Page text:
Government says sewage plan does not deal with illegal discharges of sewage to English and Welsh rivers

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  • Wildfish
  • Wildfish
  • Wildfish
  • Wildfish
Sewage discharging into Cunsey Beck, Windermere.

In the judicial review challenge brought by WildFish this week, the government has said that the sewage plan does not deal with the illegal discharges of sewage to English and Welsh rivers and that costs of meeting the 1994 law on sewage overflows should not be paid for by customers. 

The Government has said that its Storm Overflows Discharge Reduction Plan (the Plan) does not deal with existing breaches of the 1994 law. A law which is based on a 1991 European Directive that limited the use of sewage overflows to periods following exceptional rainfall.

If accepted by the Court this would appear to mean that much of the storm sewage pollution that is plaguing English and Welsh rivers must now be brought to an end under pre-existing statutory obligations. Not on the timetable set down by the Government in its Plan, which appeared to extend time for compliance, in some cases, to 2050. 

If dealt with under pre-existing statutory obligations this would mean the costs of complying with the 1994 Regulations would not be paid for by extra increases to consumers’ water bills. They would be paid for by the companies themselves.

WildFish believes that this confirms that OFWAT now has no choice but to get on and enforce the Urban Wastewater Treatment (England and Wales) Regulations 1994.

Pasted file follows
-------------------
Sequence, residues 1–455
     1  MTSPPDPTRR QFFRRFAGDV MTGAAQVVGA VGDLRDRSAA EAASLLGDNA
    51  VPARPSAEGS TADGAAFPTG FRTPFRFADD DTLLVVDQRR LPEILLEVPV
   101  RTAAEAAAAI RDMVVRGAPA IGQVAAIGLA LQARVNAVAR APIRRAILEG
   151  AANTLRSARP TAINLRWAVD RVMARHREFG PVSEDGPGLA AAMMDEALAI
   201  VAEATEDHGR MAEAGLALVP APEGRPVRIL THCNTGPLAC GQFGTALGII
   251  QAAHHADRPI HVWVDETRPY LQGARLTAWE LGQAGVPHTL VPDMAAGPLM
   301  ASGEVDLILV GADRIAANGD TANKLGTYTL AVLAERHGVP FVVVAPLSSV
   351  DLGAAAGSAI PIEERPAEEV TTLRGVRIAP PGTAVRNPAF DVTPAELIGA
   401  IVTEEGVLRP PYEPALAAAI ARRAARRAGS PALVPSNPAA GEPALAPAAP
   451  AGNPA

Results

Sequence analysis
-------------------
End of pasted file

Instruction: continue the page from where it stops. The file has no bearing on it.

The Water Industry Act 1991, itself amended by the 1994 Regulations, is crystal clear. OFWAT must enforce the law that only permits storm sewage to be discharged following exceptional rainfall.

Whatever is left for the Plan to deal with, after currently illegal discharges are dealt with, can be acted on much sooner than the drawn-out Plan targets. 

“WildFish will ask OFWAT to ensure that it enforces existing breaches of the 1994 Regulations expeditiously and at no cost to customers.” 

Nick Measham

Chief executive, WildFish

Nick continued: “we will also seek to ensure that these regulations are embedded in the water companies’ Drainage and Wastewater Management Plans which will set investment ambition for our sewers for the next 25 years”.  

Guy Linley-Adams, Solicitor for WildFish, added: “what we have heard in the High Court means that the Government’s Plan itself is now seen to be exactly the ‘smoke and mirrors’ exercise that WildFish claimed it to be when it was first published. Failing, as it does, to deal with the long-standing, considerable and unenforced breaches of law that was supposed to end unacceptable sewage pollution of rivers, many years ago”.

  • James High
    16th August 2023

    It is disgusting that our rivers are either dried by excessive extraction of water (the chalk streams) or polluted by frequent sewage discharges that should never happen.
    By many standards Britain seems to be a third, strike that, a nth rate country, where n is perhaps a mid-range double digit in any sphere of governance.

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